pedestrians walking across the lot over the years and that there are no
restrictions, fences, or signage prohibiting pedestrian traffic.
 The trial court granted summary judgment in favor of the City. In a
comprehensive order, issued May 19, 2021, the trial court held, in relevant part:
4. The Jump[3
] case cites to the Restatement (Second) of Torts
Section 332 (1965) and uses the following definition of a “public
invitee[.]” “A public invitee is a person who is invited to enter or
remain on land as a member of the public for a purpose for which
the land is held open to the public.” [Id.] at 877. A person may
3 Here the trial court refers to our decision in Jump v. Bank of Versailles, 586 N.E.2d 873 (Ind Ct. App. 1992),
upon which Dominiack heavily relies.
Court of Appeals of Indiana | Memorandum Decision 21A-CT-2102| January 28, 2022 Page 4 of 12
qualify as a public invitee if she is “invited to enter or remain on
land as a member of the public for a purpose for which the land is
held open to the public.” Restatement (Second) of Torts Section
332(2); Jump, [586 N.E.2d at] 877. The Court of Appeals in
Jump stated that an examination of the invitation itself was a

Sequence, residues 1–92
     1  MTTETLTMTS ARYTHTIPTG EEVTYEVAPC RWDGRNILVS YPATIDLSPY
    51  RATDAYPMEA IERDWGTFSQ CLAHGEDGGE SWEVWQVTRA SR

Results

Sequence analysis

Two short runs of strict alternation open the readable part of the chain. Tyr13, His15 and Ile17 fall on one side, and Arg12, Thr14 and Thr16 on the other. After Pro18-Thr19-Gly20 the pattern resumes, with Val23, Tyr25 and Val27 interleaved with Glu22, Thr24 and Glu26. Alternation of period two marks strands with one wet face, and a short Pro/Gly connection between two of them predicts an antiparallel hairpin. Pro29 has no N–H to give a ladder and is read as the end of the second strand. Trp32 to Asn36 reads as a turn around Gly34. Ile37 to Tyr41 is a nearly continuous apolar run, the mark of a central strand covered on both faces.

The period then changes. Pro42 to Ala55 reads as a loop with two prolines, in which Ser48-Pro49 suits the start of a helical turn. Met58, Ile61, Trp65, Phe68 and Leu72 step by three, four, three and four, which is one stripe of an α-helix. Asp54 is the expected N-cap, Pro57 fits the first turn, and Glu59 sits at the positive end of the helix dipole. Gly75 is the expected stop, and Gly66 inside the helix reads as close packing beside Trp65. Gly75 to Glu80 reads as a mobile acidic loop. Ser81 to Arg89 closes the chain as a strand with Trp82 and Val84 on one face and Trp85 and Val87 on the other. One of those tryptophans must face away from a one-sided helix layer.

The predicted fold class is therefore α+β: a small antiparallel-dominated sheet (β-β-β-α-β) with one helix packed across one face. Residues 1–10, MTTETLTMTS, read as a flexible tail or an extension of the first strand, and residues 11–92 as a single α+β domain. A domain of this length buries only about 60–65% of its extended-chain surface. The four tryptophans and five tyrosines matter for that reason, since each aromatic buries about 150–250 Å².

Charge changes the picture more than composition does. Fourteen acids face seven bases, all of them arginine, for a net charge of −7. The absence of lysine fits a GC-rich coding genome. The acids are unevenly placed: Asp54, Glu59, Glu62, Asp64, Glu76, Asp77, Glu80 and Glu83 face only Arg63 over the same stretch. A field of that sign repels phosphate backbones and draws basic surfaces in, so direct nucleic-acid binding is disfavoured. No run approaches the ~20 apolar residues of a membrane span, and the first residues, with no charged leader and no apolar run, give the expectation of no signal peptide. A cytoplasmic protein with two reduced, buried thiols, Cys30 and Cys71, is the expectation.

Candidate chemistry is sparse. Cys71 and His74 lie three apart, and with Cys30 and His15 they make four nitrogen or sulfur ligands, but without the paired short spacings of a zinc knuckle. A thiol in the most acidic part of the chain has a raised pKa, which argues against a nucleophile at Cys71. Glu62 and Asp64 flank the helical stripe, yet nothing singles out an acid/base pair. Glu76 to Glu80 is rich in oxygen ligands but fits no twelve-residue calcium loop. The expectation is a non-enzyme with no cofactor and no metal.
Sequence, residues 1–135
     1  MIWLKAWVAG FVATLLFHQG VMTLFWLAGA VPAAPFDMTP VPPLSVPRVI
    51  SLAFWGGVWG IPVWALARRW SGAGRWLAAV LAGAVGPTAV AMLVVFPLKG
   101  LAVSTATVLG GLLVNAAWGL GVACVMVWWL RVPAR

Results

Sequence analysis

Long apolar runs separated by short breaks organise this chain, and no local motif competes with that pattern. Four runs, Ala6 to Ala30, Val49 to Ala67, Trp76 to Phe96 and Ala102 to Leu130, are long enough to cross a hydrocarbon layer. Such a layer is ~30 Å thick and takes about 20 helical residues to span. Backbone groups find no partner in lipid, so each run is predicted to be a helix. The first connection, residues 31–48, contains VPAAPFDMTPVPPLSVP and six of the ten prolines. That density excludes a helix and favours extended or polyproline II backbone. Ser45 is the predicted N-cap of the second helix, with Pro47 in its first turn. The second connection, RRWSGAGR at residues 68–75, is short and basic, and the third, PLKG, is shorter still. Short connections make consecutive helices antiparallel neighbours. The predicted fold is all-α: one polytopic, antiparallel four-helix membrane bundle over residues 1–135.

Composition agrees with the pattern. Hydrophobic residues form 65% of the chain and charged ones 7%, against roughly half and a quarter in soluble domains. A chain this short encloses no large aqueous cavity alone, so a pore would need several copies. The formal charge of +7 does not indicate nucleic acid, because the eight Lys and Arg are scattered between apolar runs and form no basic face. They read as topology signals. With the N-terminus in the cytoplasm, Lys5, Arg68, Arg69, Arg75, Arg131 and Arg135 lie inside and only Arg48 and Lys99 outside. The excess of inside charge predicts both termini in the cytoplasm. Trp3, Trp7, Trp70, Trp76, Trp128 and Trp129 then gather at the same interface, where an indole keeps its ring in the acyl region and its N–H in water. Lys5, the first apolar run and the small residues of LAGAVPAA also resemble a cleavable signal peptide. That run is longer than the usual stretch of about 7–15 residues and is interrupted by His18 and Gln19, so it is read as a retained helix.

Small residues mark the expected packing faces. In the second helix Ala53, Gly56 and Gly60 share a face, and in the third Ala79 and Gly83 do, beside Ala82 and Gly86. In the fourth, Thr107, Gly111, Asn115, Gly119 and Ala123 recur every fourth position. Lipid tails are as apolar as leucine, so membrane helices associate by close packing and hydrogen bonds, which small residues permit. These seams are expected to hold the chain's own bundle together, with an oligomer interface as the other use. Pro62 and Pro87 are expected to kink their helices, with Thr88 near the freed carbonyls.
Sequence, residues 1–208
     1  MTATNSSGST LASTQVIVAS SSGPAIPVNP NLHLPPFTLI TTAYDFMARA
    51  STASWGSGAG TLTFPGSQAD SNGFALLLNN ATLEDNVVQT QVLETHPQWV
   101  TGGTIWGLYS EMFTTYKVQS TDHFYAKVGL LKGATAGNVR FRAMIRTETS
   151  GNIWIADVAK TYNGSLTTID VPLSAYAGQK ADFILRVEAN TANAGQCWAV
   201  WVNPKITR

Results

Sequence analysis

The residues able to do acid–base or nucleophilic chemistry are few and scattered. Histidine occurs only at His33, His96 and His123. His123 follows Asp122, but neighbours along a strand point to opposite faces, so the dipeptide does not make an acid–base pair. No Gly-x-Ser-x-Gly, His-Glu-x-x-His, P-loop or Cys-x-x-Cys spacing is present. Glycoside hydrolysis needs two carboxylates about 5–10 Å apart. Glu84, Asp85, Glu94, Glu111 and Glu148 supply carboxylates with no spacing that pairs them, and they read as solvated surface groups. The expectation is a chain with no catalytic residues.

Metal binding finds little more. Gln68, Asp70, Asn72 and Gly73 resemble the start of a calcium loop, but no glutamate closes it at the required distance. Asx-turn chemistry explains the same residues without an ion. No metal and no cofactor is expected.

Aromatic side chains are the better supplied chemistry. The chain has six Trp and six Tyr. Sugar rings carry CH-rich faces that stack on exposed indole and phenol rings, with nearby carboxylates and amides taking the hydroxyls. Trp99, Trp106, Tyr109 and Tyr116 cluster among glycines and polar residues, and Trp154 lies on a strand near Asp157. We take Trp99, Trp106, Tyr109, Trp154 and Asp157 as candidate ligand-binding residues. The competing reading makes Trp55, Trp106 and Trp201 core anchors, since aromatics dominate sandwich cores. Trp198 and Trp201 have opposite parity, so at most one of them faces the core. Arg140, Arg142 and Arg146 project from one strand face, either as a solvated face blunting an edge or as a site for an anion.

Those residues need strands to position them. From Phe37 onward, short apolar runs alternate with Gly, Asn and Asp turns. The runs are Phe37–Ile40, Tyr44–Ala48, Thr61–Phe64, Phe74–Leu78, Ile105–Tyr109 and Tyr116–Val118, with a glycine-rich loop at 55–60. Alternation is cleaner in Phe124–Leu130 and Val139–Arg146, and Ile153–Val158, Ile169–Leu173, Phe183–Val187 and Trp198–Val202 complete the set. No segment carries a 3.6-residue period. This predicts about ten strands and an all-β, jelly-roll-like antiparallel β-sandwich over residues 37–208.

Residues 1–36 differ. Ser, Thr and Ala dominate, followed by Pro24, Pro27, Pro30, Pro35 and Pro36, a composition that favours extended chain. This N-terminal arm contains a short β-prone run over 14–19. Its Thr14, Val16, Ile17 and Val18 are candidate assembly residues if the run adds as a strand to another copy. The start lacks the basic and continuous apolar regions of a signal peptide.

necessary first step in such an analysis. In Jump[,] the evidence
was undisputed that the land in question was used by the general
public for many years as a public walkway. The bank posted no
signs restricting access to the passageway or forbidding
trespassers. In Jump, the Bank’s president acknowledged that it
maintained the steps and the passageway to prevent anyone from
falling and to make certain people had a safe way to get through.
In this case, there is evidence in the record that Plaintiff
Dominiack observed that she and “many other pedestrians
walked unimpeded” across the City lot. There is also evidence in
the record that there are no fences, signage, physical barriers, or